If I could take back something, it will be the lessons

Kiran Nazish

Going to a new country, city or town, outside of Pakistan I always and inevitably make comparisons.

My country versus the other. I look at the roads, infrastructure, cleanliness, working habits, diversity, social tolerance, religious freedom and the lack thereof of these.

You may want to call me a little greedy, but I often want to take all the good things back to my country.

Now while I am in the United States for this Fellowship, I look around and see one of the most developed countries in the world, with a vibrant agrarian and industrial economy, and one of the most diverse – the nation of immigrants – countries that is home to people from all religions and political views.

If you come from a developing country in South Asia, where we are striving to tame our economic and social monsters, you’d envy, be startled and be inspired at the same time. And to my mind, I insist again and again, how much of this can I take back?

Kiran at Coney Island, NY

I can not pick up the incredibly well-planned and efficient N.Y. transit system from the U.S. and take it back to Pakistan to alleviate the colossal traffic problems that bring millions of cars on the streets, polluting and deteriorating the city life every moment. Neither can I borrow the clean beaches, nor Central Park, to transform Karachi’s slovenly and unfortunately polluted Sea View Beach. Certainly I can’t take the world’s most premier, although highly expensive, education system, to a country, which is struggling with its religious and private education system. In my view, lack of free and good education is a primary cause of most ills in Pakistan.

What I can do, is to take lessons back home. The lessons of how the machinery and mechanics of a developed country with personal and social freedom, work.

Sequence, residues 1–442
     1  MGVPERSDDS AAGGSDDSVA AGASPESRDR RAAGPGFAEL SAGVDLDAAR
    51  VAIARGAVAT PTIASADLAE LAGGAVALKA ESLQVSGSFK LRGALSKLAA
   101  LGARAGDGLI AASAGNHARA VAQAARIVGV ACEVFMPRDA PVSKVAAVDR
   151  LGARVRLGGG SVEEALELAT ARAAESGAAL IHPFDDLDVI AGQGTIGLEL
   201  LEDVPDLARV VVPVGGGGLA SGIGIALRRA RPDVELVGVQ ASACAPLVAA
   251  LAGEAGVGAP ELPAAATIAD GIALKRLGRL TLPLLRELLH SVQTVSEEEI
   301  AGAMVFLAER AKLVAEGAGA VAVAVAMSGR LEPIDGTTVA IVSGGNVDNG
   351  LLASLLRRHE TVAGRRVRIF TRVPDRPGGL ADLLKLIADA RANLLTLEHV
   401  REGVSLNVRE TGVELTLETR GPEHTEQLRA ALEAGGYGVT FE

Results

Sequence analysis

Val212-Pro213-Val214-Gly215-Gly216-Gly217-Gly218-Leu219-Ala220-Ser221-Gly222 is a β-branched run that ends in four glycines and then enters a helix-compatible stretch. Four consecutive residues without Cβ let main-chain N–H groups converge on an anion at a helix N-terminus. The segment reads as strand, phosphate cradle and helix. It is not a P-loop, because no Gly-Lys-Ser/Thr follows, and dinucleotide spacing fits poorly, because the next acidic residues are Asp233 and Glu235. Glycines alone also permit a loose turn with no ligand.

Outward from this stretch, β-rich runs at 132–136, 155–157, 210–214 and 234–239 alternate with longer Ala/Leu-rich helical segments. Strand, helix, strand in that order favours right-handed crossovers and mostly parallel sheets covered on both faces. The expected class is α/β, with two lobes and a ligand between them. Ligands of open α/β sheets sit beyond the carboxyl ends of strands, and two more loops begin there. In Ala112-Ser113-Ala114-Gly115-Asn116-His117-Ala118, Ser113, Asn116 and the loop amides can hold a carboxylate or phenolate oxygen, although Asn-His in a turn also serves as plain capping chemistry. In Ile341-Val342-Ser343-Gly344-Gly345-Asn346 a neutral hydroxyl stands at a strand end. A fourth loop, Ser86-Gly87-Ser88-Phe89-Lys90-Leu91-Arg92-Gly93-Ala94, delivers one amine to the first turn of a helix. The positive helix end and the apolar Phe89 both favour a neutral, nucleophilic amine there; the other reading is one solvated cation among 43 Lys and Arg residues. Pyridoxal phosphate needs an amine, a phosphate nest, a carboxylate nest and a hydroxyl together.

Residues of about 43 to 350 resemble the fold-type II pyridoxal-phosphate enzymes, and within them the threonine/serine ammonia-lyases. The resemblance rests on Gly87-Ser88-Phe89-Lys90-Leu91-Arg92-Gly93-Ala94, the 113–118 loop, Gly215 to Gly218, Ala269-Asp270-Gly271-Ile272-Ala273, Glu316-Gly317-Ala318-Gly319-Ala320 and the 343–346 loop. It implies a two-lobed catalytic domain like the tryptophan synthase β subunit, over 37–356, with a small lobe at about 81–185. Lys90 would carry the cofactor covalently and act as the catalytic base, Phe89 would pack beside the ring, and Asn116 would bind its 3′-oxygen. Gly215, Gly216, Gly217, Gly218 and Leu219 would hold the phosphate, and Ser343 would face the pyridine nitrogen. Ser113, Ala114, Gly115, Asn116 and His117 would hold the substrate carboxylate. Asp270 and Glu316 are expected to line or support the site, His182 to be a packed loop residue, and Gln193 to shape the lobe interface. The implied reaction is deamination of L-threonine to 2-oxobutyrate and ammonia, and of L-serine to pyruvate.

That’s what I plan to do. But first, let me take it all in.

The impressions, the nuance, the clutter, the vanity, the elitism, the eloquence, the freedom and the liabilities. The skyscrapers, the libraries, the education system, the art and culture, the preservation of history and democracy as a largely desired and cherished notion. The perseverance of a people who, despite many odds and differences, remain resilient and work hard everyday to ensure that no one takes away their freedom.

Freedom to express themselves, and to ask questions, freedom to believe in whatever they want to believe, good or bad, or different. And the paramount freedom: the freedom to be different.

So many colors in this prism and so many walls down, despite all the perception the world for and against the U.S., I feel it is truly a country that overcame its meanderings and challenges successfully. 

Despite all the bad reviews that condemn the U.S. for its negativity, hegemony, malfeasance and opulence, people in this country work very hard and enjoy its benefits.

Isn’t that the most important thing? What a country means to its people.